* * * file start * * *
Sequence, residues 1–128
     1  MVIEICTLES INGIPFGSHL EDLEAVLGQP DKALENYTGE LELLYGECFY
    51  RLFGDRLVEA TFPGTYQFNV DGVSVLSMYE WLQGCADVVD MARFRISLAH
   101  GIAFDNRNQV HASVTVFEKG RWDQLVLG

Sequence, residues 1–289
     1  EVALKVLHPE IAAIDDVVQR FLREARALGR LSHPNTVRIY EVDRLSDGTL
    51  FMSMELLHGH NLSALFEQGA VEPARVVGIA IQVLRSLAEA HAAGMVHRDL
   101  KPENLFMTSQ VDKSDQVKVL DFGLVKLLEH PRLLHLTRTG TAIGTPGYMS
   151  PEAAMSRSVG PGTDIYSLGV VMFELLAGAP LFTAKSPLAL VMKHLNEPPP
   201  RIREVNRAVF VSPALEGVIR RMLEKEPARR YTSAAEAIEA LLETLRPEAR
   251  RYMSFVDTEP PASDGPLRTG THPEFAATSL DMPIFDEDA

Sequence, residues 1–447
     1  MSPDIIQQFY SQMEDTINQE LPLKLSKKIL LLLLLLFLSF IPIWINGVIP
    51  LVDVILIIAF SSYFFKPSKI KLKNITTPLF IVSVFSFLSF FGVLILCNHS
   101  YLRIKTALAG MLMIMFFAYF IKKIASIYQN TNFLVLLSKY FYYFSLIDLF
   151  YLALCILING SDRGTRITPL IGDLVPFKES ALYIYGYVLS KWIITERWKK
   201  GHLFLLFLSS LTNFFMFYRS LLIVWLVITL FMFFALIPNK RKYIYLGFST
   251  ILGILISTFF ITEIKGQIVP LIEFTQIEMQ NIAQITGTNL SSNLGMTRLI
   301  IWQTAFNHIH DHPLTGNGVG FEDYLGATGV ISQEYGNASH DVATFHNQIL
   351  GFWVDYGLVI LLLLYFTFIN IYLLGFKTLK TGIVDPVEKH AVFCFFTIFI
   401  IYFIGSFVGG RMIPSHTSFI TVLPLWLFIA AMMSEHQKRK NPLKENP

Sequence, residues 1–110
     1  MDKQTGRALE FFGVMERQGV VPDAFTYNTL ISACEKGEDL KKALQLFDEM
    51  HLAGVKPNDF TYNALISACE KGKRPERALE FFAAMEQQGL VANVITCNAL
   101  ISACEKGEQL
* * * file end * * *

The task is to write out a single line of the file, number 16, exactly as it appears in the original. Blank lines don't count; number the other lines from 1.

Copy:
   151  YLALCILING SDRGTRITPL IGDLVPFKES ALYIYGYVLS KWIITERWKK